Asteroid Targets of Interest
Asteroid Composition

The more we learn about asteroids, the more enticing destinations they become!

Asteroids are primordial material left over from the formation of the Solar System. They are scattered throughout it: some pass close to the Sun, and others are found out beyond the orbit of Neptune. A vast majority have been collected by Jupiter’s gravity into a belt between it and Mars – an area known as the Main Belt. As it turns out, astronomers have been discovering thousands of asteroids that do not belong to the Main Belt, but instead pass near Earth’s orbit – more than 11,000 to date, with over a thousand more discovered every year.

Outside of low Earth orbit, many near Earth asteroids are the most accessible destination in the Universe. Many also contain enormous quantities of accessible resources. We have learned a great deal about asteroids over the past few decades from the 50,000 meteorite samples that have been analyzed in laboratories, the modern investments in telescopic study, and from successful government space missions to 433 Eros, 25143 Itokawa, 4 Vesta, and other asteroids. You can learn more about how we know so much about asteroids in this blog post.


Types of Asteroids:

There are three general types of asteroids in our Solar System. Planetary Resources is targeting asteroid types that are rich in water (C-type), or rich in precious metals (X-type) as they offer the most value and will positively affect growth of a spec economy. Review our list of interesting astroid targets in the Solar System. 

C-type asteroids are very dark in color, and may be the most common. They closely follow the elemental composition of the sun, which leads scientists to conclude that C-type asteroids are very primitive objects, formed at the dawn of the solar system. Planetary Resources will mine water from the C-type asteroids.

Bells_CM2 Carb Chon

Photo Credit: Laurence Garvie, Center for Meteorite Studies, ASU

X-type asteroids are composed of primarily metal. They appear to be the remnants of large (> 100 km) asteroids that fully separated into a core and mantle. Some of the these large asteroids were pulverized in massive collisions early in the Solar System’s history leaving only the tough metallic cores they have today. They are known for being extremely dense, unlike any metallic ore bodies we find on Earth today. One of Planetary Resources targets is an X-type asteroid, and may have more platinum that has ever been mined on Earth to date.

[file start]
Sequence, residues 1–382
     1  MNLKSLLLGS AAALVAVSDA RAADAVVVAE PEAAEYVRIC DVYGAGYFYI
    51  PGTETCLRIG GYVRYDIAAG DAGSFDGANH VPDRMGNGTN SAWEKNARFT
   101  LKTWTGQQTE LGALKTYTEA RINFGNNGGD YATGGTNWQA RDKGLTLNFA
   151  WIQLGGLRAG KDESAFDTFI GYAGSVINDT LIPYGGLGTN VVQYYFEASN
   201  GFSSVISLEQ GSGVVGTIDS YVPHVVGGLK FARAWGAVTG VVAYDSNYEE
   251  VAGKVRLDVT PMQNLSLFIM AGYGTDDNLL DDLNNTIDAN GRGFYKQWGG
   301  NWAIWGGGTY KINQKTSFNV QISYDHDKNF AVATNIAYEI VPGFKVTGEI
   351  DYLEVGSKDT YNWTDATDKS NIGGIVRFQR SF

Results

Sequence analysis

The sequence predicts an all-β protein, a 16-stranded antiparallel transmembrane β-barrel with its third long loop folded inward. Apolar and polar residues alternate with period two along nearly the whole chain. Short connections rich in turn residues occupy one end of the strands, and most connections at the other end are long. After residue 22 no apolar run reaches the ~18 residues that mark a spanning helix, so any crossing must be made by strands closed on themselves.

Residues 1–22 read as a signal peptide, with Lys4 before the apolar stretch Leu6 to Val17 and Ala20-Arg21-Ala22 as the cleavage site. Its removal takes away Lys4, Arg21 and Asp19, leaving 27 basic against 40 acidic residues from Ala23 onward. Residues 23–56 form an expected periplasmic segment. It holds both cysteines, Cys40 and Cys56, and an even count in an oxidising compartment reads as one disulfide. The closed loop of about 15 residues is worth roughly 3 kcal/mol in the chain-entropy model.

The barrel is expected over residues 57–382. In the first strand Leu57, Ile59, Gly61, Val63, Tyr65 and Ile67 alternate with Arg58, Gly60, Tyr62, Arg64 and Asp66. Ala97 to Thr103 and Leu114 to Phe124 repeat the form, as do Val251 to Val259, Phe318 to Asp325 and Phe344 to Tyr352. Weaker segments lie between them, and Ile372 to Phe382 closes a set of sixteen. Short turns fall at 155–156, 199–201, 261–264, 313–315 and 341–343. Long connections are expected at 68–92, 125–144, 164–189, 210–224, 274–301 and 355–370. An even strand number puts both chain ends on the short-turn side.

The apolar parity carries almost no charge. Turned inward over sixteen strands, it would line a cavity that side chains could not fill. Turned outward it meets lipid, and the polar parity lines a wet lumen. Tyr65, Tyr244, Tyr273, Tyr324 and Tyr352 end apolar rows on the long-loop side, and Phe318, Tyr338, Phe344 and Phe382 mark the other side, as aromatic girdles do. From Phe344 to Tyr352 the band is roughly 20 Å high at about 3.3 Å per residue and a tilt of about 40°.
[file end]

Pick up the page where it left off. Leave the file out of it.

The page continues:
Photo credit: Laurence Garvie, Center for Meteorite Studies, ASU

Photo credit: Laurence Garvie, Center for Meteorite Studies, ASU

S-type asteroids are a mixture of rock and metal mixed together. These rocky asteroids dominate the inner portion of the Main Belt and are often found as near-Earth objects. Scientists believe they are the source of the chondrite meteorites, which are the most commonly found meteorite. These are composed of material that was heated to melting but never separated from the rock as happened with similar ore bodies on Earth.

Photo credit: Laurence Garvie, Center for Meteorite Studies, ASU

Photo credit: Laurence Garvie, Center for Meteorite Studies, ASU

Prospecting and Exploration

Many of the most promising asteroid targets have far more open questions than answers.


So just as every great mine is born from a greenfield surveyor taking soil samples, so will Planetary Resources unlock the economic potential of asteroids by surveying them up close.  By building a database of the greatest value targets in the Solar System and what’s required to develop them, we pave the way for partners to take the next step with us.

Market for H20 in Space

H20 will open up a Trillion dollar market in Space.

The present day space economy spends $ Billions on rocket fuel each year to propel spacecraft into their final orbits and to keep those spacecraft safely in their positions.

Water from asteroids can be broken down into Hydrogen- and Oxygen-based rocket fuels in order to meet this growing demand. Strategically placed re-fueling stations can triple the up-mass of GEO-stationary orbit bound rockets, extend the life of telecommunications satellites, and remove hazardous space debris all for a small fraction of current costs.

And water is more than the “oil of space”. In orbit and beyond, water plays a critical role hydrating astronauts, providing oxygen for life support, and serving as a shield against harmful radiation in space.

To date, all water and water-derived resources necessary for spaceflight have been brought from the surface of the Earth at exorbitant expense. Of all constraints to the expansion of humanity off Earth, our dependence on Earth-sourced water is the most limiting. Sustained growth into the Solar System requires use of the local resources. Fortunately, asteroids are the most abundant, accessible source of water in space.

BLOG: The Market for Water in Space #FUELSPACE

Market for Metals in Space

Metals are abundant in space

Water in space will also fuel the harvesting of precious metals from metallic asteroids. Platinum group metals are some of the most rare and useful elements on Earth. They exist in such high concentrations on asteroids that a single 500-meter platinum-rich asteroid can contain more platinum group metals than have ever been mined in human history. And despite their high costs, platinum group metals are so useful that 1 of 4 industrial goods on Earth require them in production.

In addition to precious metals, Asteroids contain more common metallic elements such as iron, nickel, and cobalt, sometimes in incredible quantities and often in their pure, non-oxidized metal form. These base metals, silicates and other asteroid resources can support entirely new space ventures, from deep space habitats to space-based solar power arrays.